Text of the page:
Sen. Reed asks FTC to investigate possible price gouging of eggs
Sen. Jack Reed (D-R.I.) is asking the Federal Trade Commission to investigate possible price gouging by big egg companies because of the high price of eggs.
Driving the news: Reed sent a letter to FTC Chair Lina Khan Tuesday asking the agency to open an investigation “to examine soaring profits to see if ‘fowl play’ or collusive pricing by industry giants could be unfairly harming consumers.”
What they're saying: “At a time when food prices are high and many Americans are struggling to afford their groceries, we must examine the industry’s role in perpetuating high prices and hold those responsible accountable for their actions,” Reed wrote in the letter.
- “Consumers are used to seeing some volatility in the egg pricing market, but the current price spike in the industry’s favor warrants careful scrutiny," Reed said in a news release.
- "Independent federal watchdogs should look at the facts and follow the evidence to ensure consumers are treated fairly," Reed said.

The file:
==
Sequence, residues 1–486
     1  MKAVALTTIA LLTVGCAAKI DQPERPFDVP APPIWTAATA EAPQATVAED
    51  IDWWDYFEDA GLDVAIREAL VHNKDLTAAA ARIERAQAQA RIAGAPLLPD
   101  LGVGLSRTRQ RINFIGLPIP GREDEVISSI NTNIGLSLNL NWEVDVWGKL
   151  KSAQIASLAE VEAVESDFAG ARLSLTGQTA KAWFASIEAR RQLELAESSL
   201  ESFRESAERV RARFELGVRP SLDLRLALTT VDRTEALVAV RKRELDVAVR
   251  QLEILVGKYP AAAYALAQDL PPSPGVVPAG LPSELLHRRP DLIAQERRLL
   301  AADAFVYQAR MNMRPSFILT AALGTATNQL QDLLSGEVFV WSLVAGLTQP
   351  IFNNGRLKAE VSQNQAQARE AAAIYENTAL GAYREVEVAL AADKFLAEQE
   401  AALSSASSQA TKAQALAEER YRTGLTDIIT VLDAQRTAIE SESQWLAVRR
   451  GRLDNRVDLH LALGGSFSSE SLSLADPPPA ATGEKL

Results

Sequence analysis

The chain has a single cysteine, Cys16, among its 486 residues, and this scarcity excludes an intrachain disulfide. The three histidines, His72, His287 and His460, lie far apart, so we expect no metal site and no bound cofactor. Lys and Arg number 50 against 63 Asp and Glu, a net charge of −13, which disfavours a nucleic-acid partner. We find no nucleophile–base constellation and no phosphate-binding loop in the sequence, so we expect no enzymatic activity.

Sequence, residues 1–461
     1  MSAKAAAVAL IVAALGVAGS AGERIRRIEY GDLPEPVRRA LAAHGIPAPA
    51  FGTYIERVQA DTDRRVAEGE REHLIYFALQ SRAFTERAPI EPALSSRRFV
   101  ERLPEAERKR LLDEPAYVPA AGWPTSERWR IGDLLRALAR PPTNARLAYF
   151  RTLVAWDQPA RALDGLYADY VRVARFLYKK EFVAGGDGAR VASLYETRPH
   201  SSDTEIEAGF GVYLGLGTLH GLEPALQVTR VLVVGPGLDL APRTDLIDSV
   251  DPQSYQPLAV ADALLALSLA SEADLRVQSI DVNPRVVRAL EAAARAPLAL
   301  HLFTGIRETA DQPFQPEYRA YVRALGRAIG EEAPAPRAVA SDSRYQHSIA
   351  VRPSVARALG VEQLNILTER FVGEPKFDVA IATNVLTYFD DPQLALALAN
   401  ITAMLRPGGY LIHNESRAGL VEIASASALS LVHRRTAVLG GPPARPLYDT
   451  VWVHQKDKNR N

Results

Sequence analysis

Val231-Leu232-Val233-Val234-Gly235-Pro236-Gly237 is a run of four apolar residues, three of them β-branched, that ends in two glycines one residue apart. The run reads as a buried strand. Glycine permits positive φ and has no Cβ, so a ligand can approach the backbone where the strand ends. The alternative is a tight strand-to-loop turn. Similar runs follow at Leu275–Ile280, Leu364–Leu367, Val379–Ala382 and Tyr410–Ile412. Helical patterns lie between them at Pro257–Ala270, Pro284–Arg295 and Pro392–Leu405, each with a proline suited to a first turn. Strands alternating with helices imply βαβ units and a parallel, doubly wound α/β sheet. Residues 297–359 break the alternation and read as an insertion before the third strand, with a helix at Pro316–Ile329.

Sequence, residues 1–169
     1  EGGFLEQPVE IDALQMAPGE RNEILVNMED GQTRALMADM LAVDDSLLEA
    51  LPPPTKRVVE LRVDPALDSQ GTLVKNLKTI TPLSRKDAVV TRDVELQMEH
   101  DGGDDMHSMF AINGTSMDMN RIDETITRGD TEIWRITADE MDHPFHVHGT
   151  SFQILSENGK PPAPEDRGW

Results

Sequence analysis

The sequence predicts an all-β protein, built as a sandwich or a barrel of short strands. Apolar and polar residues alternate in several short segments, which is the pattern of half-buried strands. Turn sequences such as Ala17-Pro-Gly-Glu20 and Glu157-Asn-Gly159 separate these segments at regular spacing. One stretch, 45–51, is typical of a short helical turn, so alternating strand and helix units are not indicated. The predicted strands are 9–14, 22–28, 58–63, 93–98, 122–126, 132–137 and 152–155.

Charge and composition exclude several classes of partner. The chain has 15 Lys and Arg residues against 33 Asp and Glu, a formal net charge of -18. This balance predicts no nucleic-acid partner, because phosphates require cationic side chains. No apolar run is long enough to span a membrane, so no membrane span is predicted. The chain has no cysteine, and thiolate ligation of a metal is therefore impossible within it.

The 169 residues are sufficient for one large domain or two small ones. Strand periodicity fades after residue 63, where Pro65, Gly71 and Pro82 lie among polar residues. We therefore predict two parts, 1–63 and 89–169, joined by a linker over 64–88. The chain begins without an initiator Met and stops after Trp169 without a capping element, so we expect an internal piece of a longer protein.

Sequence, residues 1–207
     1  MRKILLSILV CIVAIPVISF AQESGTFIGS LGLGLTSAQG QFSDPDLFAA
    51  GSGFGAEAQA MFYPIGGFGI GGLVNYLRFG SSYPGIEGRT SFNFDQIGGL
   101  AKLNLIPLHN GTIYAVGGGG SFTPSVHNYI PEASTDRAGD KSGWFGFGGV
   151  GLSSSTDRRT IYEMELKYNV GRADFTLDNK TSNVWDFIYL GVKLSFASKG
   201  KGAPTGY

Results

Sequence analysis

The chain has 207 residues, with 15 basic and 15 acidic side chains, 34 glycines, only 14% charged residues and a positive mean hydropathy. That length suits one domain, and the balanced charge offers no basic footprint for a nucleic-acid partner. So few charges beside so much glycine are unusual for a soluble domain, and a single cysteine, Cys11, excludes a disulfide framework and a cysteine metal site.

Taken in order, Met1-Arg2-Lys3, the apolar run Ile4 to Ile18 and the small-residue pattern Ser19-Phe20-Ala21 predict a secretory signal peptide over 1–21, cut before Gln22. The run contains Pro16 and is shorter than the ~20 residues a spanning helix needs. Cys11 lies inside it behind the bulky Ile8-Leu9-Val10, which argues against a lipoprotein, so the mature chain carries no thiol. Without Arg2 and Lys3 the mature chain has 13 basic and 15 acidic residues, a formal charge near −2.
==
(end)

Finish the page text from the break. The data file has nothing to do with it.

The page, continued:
The big picture: Retail prices of eggs have “begun to ease,” a recent USDA report found but consumers still facing historically high prices for a dozen large eggs, which jumped another 66 cents on average in December, up to $4.25.
- The protein's price increased nearly 60% in December compared to a year earlier, according to the recent Consumer Price Index released last week.
- In a new USDA report Friday, the federal agency said consumer demand continues to decline and “shell egg prices remain at unappetizing levels in retail outlets relative to other proteins.”
- Farm Action also is asking the government to investigate egg prices and “prosecute any violations of the antitrust laws it finds within, and ultimately, get the American people their money back,” the farmers’ group wrote in a letter to the FTC last week.
- The group started a citizen petition to urge the FTC to investigate the price hikes.
Between the lines: The avian influenza outbreak or bird flu that began in February 2022 is a key factor in the price hike.
- The outbreak has killed approximately 60 million birds, which includes 41 million commercial egg-laying hens, Karyn Rispoli, editor of the Egg Price Current for Urner Barry, recently told Axios.
Yes, but: Reed said that "small producers, which have faced many of the same market challenges as the biggest producers, have managed to keep prices under control."
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